Congress passes to repeal-and-replace Obamacare
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Treasury prices fell Thursday, allowing yields to extend their rise to two days, ahead of a closely watched reading of employment set to be released Friday.
The yield on the 10-year note moved up 4.5 basis points to 2.354%, the highest level since April 10, according to Dow Jones data. Bond prices move inversely to yields.
The yield for the 2-year ticked 1.4 basis points higher to 1.31%, marking the rate-sensitive note's highest level since March 17, while the yield for the 30-year , or the long bond, advanced 4.2 basis points to 2.997%.
The yield rise comes after the Federal Reserve's policy-setting committee on Wednesday signaled plans to lift rates at least twice more in 2017 were undeterred by a spate of weak economic reports.
Traders said investors continue to sell government paper 24 hours after the Fed's decision to keep rates unchanged, while reaffirming its intention to normalize monetary policy, including lifting rates off ultralow levels and shrinking its $4.5 trillion balance sheet.
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"We think the [Federal Open Market Committee] has well telegraphed its intent to continue normalizing policy, with two more rate hikes in 2017, as well as by likely laying out a plan for measured balance-sheet reduction late in the year," said Rick Rieder, Blackrock's chief investment officer of global fixed income for BlackRock, in a note.
Presently, Wall Street is pricing in a 74% chance of a rate increase in June at the Fed's next policy meeting, according to the Chicago Mercantile Exchange's FedWatch tool.
An expectation for higher rates tends to lead investors to sell bonds in anticipation that newer bonds can be bought at richer yields in the future, pushing yields higher.
The market will be intently anticipating a reading of the health of U.S. employment, when the Labor Department releases its nonfarm-payrolls report early Friday. Economists are forecasting that 190,000 jobs were created in April and the unemployment rate to hold at 4.5%. Particular attention will be paid to wage growth, which traders look at to gauge inflation expectations. Rising inflation can undercut a bond's fixed payments.
A reading of initial-jobless claims, a measure of how many new individuals file to receive state unemployment benefits, released on Thursday slipped 19,000 to notch 238,000 claims (http://www.marketwatch.com/story/us-jobless-claims-fall-sharply-in-latest-week-2017-05-04) for the week ended April 29, suggesting the job market remains strong.
In other economic data, U.S. productivity growth weakened by 0.6% in the first quarter (http://www.marketwatch.com/story/us-productivity-slumps-in-first-quarter-2017-05-04), below the 1.2% annual average since 2007. Treasury yields continued their ascent after the spate of data releases.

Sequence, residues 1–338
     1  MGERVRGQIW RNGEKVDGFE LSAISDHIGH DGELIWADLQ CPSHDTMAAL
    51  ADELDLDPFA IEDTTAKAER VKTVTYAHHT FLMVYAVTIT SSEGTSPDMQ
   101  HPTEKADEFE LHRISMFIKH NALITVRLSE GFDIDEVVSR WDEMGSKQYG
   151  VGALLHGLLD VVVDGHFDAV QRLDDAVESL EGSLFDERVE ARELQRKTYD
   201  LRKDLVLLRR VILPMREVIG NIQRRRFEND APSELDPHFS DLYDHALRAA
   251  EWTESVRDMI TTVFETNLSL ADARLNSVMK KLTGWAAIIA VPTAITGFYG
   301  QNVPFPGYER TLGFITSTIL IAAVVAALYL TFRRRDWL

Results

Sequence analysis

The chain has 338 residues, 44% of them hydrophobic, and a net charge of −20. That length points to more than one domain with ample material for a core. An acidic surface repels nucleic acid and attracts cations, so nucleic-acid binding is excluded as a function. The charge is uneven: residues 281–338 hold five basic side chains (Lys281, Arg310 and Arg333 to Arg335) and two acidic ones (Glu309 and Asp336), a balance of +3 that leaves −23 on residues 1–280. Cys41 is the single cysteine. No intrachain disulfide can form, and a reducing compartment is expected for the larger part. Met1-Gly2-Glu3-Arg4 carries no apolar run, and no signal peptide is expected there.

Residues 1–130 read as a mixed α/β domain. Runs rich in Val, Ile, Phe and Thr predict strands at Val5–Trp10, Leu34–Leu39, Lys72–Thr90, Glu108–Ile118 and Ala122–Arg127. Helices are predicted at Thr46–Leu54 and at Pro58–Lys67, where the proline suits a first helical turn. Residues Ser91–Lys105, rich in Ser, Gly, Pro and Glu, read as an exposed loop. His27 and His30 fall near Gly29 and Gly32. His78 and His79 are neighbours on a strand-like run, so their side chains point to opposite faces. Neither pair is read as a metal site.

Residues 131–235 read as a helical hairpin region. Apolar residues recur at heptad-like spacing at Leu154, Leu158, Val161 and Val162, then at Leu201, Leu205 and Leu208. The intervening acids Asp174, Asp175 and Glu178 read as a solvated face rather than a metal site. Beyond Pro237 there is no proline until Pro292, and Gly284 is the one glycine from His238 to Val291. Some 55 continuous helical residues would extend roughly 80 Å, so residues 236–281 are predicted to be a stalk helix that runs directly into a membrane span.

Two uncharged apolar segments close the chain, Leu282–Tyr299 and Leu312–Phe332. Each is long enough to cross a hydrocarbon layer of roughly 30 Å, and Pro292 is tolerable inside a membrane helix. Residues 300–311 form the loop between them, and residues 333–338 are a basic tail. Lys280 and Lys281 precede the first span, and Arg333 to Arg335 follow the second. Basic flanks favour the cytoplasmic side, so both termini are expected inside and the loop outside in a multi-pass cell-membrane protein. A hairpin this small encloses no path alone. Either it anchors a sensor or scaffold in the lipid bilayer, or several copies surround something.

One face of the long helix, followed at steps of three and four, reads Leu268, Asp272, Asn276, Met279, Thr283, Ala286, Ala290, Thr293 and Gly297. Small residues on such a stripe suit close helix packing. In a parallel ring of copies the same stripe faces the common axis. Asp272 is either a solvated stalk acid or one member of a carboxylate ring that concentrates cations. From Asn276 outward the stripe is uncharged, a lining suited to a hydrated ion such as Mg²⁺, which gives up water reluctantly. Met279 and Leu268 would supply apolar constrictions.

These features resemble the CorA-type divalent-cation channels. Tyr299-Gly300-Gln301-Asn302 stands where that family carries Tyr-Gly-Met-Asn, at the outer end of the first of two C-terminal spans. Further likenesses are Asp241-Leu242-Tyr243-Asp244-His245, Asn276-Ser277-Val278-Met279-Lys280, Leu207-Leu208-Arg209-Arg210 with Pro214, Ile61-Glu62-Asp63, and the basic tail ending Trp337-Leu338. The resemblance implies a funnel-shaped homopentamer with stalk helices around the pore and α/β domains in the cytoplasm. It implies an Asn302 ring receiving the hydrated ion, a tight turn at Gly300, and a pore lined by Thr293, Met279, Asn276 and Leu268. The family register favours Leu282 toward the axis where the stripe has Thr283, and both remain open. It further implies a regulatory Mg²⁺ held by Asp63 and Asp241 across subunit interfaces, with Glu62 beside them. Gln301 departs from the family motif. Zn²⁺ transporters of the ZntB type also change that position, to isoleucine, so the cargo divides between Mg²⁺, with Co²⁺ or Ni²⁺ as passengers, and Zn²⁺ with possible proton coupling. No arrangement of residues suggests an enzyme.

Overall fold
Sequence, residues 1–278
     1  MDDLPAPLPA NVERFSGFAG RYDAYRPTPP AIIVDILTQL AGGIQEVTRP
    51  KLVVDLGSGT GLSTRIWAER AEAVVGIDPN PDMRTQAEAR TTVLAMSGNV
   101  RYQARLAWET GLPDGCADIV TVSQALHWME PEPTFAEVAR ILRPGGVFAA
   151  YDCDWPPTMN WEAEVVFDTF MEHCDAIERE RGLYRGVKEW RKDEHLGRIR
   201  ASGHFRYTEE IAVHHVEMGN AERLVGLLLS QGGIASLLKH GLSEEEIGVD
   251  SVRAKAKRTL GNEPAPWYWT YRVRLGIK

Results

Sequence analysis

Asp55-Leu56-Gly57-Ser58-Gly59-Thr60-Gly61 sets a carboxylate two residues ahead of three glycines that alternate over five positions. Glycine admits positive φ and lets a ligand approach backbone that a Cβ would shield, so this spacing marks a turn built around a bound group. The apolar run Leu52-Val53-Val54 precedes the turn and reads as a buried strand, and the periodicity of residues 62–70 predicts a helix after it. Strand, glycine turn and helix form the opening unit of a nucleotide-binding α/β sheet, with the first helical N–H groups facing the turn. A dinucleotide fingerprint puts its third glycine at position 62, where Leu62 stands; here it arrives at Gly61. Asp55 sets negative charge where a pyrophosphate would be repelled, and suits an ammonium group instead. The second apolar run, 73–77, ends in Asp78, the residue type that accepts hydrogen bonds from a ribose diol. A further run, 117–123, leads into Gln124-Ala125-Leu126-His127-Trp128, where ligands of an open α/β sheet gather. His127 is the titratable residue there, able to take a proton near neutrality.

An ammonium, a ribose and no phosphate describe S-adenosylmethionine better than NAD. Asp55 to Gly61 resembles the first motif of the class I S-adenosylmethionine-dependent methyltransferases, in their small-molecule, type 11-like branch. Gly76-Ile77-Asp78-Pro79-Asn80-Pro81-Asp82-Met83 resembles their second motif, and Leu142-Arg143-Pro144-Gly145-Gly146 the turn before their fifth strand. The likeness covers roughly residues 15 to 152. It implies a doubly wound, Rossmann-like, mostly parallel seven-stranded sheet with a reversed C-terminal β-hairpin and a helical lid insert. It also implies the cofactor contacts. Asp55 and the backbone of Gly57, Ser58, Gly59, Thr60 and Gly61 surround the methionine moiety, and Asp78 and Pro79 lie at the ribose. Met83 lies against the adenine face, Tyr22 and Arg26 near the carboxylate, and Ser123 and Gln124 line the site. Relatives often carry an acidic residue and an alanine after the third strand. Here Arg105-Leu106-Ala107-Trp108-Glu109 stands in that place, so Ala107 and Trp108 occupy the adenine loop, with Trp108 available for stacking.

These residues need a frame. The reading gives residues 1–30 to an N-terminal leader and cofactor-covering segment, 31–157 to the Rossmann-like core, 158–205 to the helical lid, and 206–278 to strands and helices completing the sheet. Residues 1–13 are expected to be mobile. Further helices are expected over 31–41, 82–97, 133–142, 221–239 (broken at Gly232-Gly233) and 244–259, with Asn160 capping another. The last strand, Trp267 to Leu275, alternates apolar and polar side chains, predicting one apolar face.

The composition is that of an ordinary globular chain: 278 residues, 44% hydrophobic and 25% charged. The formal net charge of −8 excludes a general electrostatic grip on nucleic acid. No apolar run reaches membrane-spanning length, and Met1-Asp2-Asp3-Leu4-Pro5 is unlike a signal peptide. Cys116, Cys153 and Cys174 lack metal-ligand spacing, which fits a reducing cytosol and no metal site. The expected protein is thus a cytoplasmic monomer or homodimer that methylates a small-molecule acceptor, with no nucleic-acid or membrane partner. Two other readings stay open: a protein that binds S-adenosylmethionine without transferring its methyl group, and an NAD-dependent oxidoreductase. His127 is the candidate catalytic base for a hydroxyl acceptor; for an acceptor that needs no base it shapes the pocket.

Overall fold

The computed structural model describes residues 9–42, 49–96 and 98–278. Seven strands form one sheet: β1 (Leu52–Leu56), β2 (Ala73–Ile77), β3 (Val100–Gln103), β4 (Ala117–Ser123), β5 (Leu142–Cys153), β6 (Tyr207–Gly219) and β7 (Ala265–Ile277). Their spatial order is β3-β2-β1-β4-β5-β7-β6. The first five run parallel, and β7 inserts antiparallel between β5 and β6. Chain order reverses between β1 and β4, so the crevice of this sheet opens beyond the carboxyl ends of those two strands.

Meanwhile, traders closely watched a House vote to repeal-and-replace Obamacare (http://www.marketwatch.com/story/house-passes-revised-bill-to-repeal-and-replace-obamacare-2017-05-04-141032048)on Thursday. President Donald Trump said passing his health-care bill, despite vocal opposition from Democratic rivals, would augur well for his plans to deliver a spate of corporate and individual-tax cuts, intended to juice economic growth.
German government bonds, or bunds, also came under selling pressure, ahead of the final round of France's presidential election on Sunday. Pundits anticipate centrist candidate Emmanuel Macron to comfortably win the face-off against far-right Marine Le Pen, with early polling suggesting a sizable lead has opened up between the two candidates.
Le Pen has pledged to pull France out of the European Union, which could destabilize the trading bloc and the euro, while Macron is viewed as friendly to the trading bloc.
More certainty over the outcome may prompt some investors to pull out of the perceived safety of European government paper, which has benefited from haven demand amid that political uncertainty.
See: Brace for market mayhem if Le Pen unexpectedly wins French presidency (http://www.marketwatch.com/story/brace-for-market-mayhem-if-le-pen-unexpectedly-wins-french-presidency-2017-05-04)
The 10-year bund yield jumped 6.9 basis points to hit a seven-day high of 0.374%, even as French assets saw mild selling with the French 10-year benchmark bond yield rising 1.9 basis point.
The spread between the two sovereign bonds narrowed 5 basis points, also underscoring fading fears a Le Pen win.
(END) Dow Jones Newswires
May 04, 2017 17:24 ET (21:24 GMT)